A recent NYU study has shown that while young girls believe they’re just as likely to achieve good grades as boys, they still are more likely to ascribe “brilliance,” or exceptional intelligence, to men. Nicola Davis writes in The Guardian,
In the first test, a group of 96 boys and girls of ages five, six and seven, were read a story about a highly intelligent person, and were asked to guess the person’s gender. They were then presented with a series of pictures showing pairs of adults, some same-sex, some opposite sex, and were asked to pick which they thought was highly intelligent. Finally, the children were asked to match certain objects and traits, such as “being smart”, to pictures of men and women.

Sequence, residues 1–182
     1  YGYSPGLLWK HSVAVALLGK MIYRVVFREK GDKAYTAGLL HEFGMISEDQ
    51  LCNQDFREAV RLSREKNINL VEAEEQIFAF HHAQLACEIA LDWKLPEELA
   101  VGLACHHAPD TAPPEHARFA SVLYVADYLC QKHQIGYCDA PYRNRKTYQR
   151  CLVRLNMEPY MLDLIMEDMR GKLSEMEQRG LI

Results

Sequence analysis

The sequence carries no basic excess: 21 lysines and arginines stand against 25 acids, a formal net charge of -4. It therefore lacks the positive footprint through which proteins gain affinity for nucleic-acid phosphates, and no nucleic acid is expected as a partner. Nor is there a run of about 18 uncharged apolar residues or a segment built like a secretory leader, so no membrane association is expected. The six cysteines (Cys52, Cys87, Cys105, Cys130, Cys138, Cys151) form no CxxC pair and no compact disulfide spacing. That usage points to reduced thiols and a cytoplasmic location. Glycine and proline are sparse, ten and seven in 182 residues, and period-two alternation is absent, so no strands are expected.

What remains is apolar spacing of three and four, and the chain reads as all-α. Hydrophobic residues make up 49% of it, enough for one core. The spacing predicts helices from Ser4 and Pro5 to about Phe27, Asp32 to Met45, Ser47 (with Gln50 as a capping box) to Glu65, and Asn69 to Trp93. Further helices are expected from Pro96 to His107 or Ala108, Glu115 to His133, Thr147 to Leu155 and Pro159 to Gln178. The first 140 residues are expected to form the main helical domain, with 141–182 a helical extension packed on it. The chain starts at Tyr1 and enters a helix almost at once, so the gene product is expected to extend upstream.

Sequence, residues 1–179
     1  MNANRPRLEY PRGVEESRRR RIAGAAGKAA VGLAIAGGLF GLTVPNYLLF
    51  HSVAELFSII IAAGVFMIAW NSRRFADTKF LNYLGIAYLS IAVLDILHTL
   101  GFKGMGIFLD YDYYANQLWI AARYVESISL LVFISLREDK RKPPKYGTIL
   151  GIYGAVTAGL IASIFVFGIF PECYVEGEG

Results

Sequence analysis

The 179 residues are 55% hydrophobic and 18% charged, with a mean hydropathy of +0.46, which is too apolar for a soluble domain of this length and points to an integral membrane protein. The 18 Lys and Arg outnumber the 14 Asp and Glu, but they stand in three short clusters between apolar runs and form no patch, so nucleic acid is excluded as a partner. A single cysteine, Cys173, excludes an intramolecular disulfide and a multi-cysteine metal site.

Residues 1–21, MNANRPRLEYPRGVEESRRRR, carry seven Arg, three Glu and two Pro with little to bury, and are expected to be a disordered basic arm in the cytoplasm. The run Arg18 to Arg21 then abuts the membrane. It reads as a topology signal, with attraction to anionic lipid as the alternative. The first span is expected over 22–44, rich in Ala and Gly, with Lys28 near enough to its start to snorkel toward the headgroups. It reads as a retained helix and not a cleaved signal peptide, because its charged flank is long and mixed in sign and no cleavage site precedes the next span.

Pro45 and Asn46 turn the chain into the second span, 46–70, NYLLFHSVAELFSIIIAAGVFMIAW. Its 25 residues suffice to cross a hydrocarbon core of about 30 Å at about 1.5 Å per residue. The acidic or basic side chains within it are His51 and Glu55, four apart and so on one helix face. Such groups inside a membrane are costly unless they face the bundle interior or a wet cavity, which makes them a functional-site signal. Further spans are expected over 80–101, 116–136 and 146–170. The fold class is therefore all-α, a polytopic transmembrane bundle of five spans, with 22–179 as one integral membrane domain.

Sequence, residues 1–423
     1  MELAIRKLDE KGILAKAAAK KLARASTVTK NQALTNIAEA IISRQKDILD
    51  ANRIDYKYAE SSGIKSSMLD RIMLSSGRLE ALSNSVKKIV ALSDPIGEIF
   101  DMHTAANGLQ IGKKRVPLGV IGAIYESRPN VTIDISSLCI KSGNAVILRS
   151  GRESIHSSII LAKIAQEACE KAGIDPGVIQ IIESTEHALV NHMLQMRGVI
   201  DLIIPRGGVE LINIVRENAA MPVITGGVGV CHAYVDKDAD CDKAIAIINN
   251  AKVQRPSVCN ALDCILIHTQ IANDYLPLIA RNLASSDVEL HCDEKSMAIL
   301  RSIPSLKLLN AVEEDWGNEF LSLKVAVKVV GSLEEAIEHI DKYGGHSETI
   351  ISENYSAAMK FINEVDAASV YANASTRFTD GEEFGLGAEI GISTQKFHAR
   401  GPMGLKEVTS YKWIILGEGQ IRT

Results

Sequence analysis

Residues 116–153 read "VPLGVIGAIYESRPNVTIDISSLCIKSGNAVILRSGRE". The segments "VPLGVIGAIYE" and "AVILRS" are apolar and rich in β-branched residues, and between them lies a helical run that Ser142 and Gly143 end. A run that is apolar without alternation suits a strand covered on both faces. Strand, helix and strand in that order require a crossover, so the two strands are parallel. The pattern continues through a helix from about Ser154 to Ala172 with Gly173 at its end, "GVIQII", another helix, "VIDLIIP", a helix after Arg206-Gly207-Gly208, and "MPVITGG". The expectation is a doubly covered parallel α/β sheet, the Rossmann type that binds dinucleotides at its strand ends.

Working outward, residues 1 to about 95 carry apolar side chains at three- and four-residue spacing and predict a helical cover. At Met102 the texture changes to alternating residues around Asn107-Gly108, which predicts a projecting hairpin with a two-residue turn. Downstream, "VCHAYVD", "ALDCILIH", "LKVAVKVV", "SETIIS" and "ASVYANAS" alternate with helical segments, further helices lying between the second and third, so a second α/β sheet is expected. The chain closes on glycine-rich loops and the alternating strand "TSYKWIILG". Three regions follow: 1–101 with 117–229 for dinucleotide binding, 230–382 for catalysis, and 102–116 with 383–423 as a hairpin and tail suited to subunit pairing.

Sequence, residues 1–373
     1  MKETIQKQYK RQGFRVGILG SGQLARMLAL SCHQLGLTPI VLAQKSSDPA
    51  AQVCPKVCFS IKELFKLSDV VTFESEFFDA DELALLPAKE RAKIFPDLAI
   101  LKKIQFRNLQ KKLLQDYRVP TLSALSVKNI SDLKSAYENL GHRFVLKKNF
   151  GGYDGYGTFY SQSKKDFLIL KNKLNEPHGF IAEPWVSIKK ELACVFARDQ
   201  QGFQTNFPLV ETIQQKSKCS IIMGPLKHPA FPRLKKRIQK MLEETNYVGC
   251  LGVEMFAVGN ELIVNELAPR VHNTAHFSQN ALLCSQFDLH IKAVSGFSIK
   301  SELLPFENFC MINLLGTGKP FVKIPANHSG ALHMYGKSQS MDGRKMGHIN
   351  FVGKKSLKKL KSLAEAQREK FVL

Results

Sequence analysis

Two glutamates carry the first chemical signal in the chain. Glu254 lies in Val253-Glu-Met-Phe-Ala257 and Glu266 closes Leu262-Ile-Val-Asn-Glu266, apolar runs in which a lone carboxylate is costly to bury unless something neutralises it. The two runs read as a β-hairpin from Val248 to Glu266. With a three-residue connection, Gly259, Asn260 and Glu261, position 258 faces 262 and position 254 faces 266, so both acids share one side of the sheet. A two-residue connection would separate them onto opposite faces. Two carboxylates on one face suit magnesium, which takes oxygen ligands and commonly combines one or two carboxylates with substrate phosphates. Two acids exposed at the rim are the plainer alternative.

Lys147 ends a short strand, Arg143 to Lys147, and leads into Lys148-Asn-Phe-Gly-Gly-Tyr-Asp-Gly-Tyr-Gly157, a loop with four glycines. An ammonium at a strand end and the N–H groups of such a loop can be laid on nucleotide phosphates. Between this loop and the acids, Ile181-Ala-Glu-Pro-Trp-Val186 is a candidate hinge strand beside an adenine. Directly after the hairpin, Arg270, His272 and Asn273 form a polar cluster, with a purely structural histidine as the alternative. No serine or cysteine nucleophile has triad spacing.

Taken together, the results reveal that girls of five years old are just as likely as boys to associate brilliance with their own gender. However, for those aged six and seven, girls were less likely than boys to make the association: among six year olds, boys chose people of their own gender as “really, really smart” 65% of the time while girls only selected their gender as brilliant 48% of the time.
Experts posit that this may have to do with the way parents and teachers talk about academic success in girls vs. boys: we’re more likely to attribute good grades in girls to “hard work,” while boys are more often praised for innate intelligence. While this study focused on young children aged five to seven, it’s a good reminder to be mindful of the language we use with students, even at the university level.
Check out the full article on this fascinating study.